It is important to note that William Greeley, among other forest service cheifs of the time all fought fires in 1910. This really contextualizes why they were so adamant about aggressive fire suppression. The huge fires of 1910 were harrowing for many fire fighters and led to an unprecedented number of deaths from fire fighting, which justified many of the anti-fire sentiments at the time. This time period really prioritized natural resources, and protecting wood from fire was a primary goal of the fire suppression as well. I also found it interesting that Greeley was highly educated, and that the forefront of the forestry field took after many British standards of fire suppression. Greeley was integral to advancing the goal of prevention in forest fires. The Forest Service at the time did not promote light burning practices, and suppression was the primary philosophy.
Many fire policies following Greeley’s time as chief centered around funding methods to suppress fires. The CCC and other New Deal policies directly funded and provided the labor to complete arduous fire prevention. The prevention continued throughout the post World War 2 period due to the increase in infrastructure and technology, along with retired military vehicles to aid in fighting wildfires. Aggressive suppression continued until the Leopold Report of 1963 which identified fire has essential to forest ecology. This was important in paving the way for more modern ideas that we have today like prescribed fires and letting wildfires burn in a controlled manner to reduce fuel loads. Today, historical fire regimes are at odds with the built up fuel loads and mismanagement of the past century. By preventing fires we have primed ourselves for more megafires, which can completely destroy a forest rather than leaving behind old growth.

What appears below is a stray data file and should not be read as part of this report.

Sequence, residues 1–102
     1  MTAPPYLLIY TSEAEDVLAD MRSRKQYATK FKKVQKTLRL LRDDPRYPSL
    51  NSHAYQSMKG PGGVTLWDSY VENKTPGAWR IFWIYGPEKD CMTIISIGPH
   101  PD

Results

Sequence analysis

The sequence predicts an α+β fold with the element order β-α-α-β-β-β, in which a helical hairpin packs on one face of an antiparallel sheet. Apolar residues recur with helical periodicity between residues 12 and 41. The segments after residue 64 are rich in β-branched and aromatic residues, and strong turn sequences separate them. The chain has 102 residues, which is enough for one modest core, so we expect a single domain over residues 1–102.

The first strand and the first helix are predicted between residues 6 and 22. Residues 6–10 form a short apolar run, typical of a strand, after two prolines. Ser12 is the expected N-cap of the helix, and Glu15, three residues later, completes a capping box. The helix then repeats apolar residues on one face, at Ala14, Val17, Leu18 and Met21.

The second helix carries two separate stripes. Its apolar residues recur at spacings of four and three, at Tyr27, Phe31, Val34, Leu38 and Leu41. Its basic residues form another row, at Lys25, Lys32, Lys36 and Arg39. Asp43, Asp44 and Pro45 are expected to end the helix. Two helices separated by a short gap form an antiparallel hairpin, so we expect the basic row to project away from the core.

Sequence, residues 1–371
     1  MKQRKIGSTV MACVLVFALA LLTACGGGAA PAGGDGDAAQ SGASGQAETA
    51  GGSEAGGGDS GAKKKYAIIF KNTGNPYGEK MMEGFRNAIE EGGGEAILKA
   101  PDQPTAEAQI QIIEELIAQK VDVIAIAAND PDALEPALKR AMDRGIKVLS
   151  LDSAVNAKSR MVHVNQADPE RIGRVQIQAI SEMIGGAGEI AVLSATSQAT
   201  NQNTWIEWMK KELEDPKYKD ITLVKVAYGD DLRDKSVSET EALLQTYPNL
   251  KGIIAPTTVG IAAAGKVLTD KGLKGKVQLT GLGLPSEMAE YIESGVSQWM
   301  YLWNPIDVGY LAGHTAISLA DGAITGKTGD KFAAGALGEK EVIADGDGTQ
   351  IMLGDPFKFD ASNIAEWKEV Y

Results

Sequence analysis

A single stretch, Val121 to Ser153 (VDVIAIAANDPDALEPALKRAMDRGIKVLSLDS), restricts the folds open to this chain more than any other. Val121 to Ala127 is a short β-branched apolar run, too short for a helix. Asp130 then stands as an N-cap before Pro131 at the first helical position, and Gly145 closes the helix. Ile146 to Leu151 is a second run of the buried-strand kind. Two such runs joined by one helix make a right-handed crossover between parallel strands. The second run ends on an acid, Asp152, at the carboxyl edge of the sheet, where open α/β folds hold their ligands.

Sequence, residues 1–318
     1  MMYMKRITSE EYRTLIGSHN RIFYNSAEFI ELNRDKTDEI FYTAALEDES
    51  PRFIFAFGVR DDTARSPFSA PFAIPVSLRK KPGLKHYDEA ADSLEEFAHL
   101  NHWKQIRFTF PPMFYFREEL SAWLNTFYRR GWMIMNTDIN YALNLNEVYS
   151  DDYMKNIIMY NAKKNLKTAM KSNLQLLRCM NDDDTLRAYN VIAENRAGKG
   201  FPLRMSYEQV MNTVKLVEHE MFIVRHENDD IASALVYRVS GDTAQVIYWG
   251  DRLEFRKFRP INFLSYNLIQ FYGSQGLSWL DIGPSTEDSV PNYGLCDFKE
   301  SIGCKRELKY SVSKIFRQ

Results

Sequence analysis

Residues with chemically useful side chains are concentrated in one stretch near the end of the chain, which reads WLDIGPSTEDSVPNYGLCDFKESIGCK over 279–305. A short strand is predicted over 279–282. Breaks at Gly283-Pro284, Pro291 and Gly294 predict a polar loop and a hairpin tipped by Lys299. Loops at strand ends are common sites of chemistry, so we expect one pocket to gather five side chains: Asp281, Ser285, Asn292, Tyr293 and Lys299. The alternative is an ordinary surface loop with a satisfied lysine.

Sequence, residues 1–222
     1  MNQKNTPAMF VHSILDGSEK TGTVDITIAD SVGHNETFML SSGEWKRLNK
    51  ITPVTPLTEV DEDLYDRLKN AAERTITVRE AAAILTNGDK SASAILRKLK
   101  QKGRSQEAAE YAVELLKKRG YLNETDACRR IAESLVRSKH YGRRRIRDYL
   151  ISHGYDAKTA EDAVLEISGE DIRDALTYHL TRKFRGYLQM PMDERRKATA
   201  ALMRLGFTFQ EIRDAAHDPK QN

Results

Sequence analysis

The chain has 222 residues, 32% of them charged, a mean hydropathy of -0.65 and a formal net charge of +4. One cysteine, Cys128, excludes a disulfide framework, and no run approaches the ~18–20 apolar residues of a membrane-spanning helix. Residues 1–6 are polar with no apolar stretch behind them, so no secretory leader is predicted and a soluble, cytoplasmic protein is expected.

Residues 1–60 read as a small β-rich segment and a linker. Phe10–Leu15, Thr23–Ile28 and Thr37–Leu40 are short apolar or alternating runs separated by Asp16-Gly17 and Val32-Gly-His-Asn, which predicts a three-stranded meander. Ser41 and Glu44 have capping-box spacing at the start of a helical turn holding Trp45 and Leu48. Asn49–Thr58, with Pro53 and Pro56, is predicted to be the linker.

The major rationale changes have occurred due to shifting needs. The natural resource of the forest is no longer the number one priority, and we are better at taking in to account the health of the forest as a whole. Also there is better environmental science and forestry being done that isn’t biased through such an anthropocentric lens. The better methods of forest management were realized by more destructive fires and realizing the role fire played historically and how it has changed our forests for the worse.